Ad-Express and Daily Iowegian, Centerville, IA

May 10, 2013

Iowa's Ag Secretary tours Rathbun Lake watershed

The Daily Iowegian

---- — MORAVIA — Iowa Secretary of Agriculture, Bill Northey, on Monday toured portions of the Rathbun Lake and Fox River watersheds to view the conservations practices that have been installed to protect water quality in Rathbun Lake and the Fox River.

Tour participants included staff and board members from the Rathbun Land and Water Alliance’s Protect Rathbun Lake Project and Fox River Water Quality Project, area landowners, county supervisors, and representatives from the Iowa Department of Agriculture and Land Stewardship – Division of Soil Conservation, Army Corp of Engineers, SIDCA, Soil and Water Conservation Districts and Natural Resources Conservation Services.

After a morning tour that began in Van Buren County, the group stopped at Island View Park at Rathbun Lake before viewing the best management practices installed in Wayne County, which occupies a large portion of the Rathbun Lake watershed. Wayne County farms included on the tour were those of Dale Spinlers, Jim Cory, Joe Dent, Grandpa Bob Brown, the late Jimmy Carpenter and Bills Enterprises.

The final tour stop was made at a newly constructed grade stabilization structure located two miles north of Corydon on Highway 14. The structure was built last fall on land jointly owned by Darrell and Wendy Coddington and Terry and Sharon Jost as part of the Protect Rathbun Lake Project and was partially funded by the Iowa Watershed Improvement Review Board.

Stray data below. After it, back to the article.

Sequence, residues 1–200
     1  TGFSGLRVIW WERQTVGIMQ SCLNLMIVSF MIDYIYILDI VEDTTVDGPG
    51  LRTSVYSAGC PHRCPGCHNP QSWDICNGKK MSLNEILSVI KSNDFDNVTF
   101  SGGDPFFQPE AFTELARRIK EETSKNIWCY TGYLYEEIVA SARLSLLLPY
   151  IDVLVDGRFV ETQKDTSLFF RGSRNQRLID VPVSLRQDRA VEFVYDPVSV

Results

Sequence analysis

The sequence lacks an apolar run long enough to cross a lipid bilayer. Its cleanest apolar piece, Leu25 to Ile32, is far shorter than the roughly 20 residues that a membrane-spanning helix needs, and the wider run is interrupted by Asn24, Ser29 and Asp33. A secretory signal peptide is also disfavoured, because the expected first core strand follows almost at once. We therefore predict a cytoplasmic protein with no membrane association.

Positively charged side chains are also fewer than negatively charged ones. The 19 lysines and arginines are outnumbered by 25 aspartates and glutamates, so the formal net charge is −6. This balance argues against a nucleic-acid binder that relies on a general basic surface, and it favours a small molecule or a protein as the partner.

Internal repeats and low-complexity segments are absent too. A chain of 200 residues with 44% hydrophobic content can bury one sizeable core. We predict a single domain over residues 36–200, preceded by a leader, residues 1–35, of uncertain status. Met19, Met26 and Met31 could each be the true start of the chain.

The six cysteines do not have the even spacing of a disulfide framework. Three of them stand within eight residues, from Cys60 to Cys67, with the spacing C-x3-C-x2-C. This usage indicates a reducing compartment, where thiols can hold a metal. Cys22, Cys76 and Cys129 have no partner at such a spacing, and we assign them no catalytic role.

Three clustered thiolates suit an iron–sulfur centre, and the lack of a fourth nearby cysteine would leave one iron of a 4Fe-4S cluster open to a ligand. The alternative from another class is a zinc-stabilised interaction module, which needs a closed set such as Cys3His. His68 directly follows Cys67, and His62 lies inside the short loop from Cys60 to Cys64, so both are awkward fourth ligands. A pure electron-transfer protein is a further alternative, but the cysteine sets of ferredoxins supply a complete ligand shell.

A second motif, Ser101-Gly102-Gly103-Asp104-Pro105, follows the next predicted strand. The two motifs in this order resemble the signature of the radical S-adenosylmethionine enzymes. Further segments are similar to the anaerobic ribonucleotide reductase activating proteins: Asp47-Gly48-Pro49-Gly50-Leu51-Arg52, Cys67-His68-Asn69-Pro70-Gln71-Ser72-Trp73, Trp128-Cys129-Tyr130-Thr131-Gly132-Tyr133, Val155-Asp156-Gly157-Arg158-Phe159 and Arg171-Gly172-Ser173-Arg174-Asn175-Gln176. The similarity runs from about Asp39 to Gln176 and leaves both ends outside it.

While the Coddingtons and Josts aren’t related, Darrell says they have been very good friends for years. In addition to the structure creating a beautiful landscape to enjoy Coddington says they installed the large pond for a variety of reasons.

“Rathbun Lake is very important to us. We want to make sure the water is clean for people in the area who drink it and to leave the land as good as or better than when we had it. Plus there’s a lot of good wildlife here. Everyone wins,” said Coddington.

The structure benefits 421 acres and reduces sediment delivery to Rathbun Lake by 568 tons each year and reduces phosphorous delivery by 1,306 pounds.

Secretary Northey praised the efforts of those working on the water quality projects in both the Fox River and Rathbun Lake watersheds. “It has been encouraging to see everything that is being done in both of these watersheds to protect our drinking water and it’s beginning to grab the attention of the public,” said Northey. “We need to continue to do what we know how to do and that is protecting our soil and water,” he continued.

For more information, contact the Natural Resources Conservation Service office in Corydon (641) 872-1350 or in Chariton at (641) 774-2512.